Have you ever prayed a chaplet?
Most Catholics may have heard about chaplets, but they may also not really know what they are or how common they are. This is because all rosaries are chaplets — though not all chaplets are rosaries.
A chaplet is basically a string of prayer beads used to help keep track of a repetition of certain prayers. In the case of a rosary, these include the Lord’s Prayer, the Ave (“Hail Mary”) and the lesser doxology (the “Glory Be”).
Chaplet comes to us from the French language: the word chapelet means a wreath and a string. However, if you use the word chapelet in Paris, people will probably believe you are referring to the rosary.
Chaplets vary in the number of beads used. For example, a traditional Dominican rosary has 59 beads, while the Chaplet of the Holy Face has 39.
The arrangement of the beads of a chaplet can also vary. The rosary we know has five sets of 10 beads separated by single beads (and a pendant consisting of a medal and four beads). For the Chaplet (or Little Crown) of the Infant of Prague, there are only 15 beads, with 12 in a ring and three more on a pendant.
Chaplets come in many colors, as well as a variety of beads. For some, the color doesn’t matter. For others, the color of the beads is part of the prayer itself. So the Chaplets of the Precious Blood and of the Five Wounds have red beads. The Chaplet of St. Philomena, composed by St. John Vianney, has 13 red beads and three white. The white beads are for her virginity and the Holy Trinity. The red beads are for Philomena’s martyrdom and for the number of years of her earthly life (13 years).
Another chaplet that is appropriate for this Year of St. Joseph — which concludes on Dec. 8 — is that of St. Joseph who was declared the universal patron of the church by Pope Pius IX on Dec. 8, 1870. The Chaplet of St. Joseph consists, like Philomena’s, of two colors: white for his purity and blue (sometimes purple) to symbolize Joseph’s piety.
The Chaplet of St. Joseph consists of 15 groups of four beads (one white and three blue or purple) that are used to meditate on the mysteries of the traditional rosary: the Joyful, Sorrowful and Glorious Mysteries. In more recent times, a version of the Chaplet of St. Joseph has become what is called the “St. Joseph Combat Chaplet,” which is made of metal and carries a St. Joseph Medal with St. Michael depicted on the reverse. Some of these chaplets also have a Miraculous Medal and St. Benedict medal. (The Combat Rosary, from World War II, was carried by U.S. soldiers and made of dull and a chain like a lamp chain.)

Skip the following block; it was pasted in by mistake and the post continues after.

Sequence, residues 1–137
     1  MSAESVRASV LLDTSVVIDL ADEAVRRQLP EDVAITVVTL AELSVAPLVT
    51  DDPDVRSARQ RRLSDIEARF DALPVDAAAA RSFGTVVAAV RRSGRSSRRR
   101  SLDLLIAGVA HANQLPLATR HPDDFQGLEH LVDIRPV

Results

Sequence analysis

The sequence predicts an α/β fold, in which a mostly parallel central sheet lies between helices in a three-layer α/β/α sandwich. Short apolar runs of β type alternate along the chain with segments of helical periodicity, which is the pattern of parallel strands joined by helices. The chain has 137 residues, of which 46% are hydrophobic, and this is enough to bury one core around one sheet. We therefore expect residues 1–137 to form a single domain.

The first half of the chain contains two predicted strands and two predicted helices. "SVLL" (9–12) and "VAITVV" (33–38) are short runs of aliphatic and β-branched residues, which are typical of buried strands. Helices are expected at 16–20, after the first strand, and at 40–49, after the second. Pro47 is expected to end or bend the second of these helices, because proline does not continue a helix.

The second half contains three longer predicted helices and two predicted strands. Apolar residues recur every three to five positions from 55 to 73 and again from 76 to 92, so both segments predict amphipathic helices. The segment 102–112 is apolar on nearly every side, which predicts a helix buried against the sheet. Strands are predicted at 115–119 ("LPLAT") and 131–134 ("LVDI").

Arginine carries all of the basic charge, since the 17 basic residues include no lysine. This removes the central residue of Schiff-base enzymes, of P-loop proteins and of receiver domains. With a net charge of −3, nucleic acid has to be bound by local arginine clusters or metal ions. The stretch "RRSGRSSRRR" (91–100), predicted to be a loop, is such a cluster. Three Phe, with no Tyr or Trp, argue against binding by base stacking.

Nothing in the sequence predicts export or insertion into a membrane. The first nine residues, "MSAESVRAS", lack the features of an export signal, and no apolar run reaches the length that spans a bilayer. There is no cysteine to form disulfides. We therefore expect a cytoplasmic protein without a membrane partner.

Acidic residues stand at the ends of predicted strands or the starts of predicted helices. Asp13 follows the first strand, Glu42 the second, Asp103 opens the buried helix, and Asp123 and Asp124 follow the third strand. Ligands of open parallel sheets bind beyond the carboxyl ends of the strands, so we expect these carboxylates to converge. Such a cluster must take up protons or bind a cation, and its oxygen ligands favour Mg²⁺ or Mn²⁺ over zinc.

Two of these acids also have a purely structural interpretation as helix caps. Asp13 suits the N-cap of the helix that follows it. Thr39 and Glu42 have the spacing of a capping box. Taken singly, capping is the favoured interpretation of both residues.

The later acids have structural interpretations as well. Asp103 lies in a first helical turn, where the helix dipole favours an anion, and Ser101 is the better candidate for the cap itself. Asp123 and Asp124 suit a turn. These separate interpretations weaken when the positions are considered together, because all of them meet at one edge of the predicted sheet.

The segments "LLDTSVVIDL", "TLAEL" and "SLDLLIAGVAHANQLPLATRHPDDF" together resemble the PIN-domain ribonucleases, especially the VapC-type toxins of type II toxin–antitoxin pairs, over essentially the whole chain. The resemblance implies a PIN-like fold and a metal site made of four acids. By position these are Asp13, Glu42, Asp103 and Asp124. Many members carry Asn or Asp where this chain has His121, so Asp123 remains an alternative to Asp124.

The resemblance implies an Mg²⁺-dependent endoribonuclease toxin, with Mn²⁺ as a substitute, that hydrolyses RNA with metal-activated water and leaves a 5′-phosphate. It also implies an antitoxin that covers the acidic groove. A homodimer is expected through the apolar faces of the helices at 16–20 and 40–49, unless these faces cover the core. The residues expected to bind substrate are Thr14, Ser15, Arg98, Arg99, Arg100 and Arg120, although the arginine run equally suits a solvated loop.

Another popular chaplet of recent times is the Divine Mercy Chaplet which was revealed to St. Faustina Kowalska in a private vision. The chaplet is prayed with a traditional rosary, but uses the petition “For the sake of his sorrowful Passion, have mercy on us and on the whole world,” prayed on the regular single beads of each decade. (For how to pray this chaplet click here.) The chaplet is prayed for the petition of sinners and for the dying and the deceased. It is especially offered on Divine Mercy Sunday (the Sunday following Easter Sunday). It is also appropriate to pray each day at 3 p.m., which is called the Hour of Mercy, because it is the time Jesus died on the cross. See The Compass FAQ article from September 8, 2021.
Chaplets cover a variety of petitions and patrons, from saints to the Blessed Mother to angels and the Trinity itself (for example, the Chaplet of the Holy Spirit and the Chaplet of the Sacred Heart). For a partial list of chaplets, visit the “All About Mary” section at the website of the University of Dayton.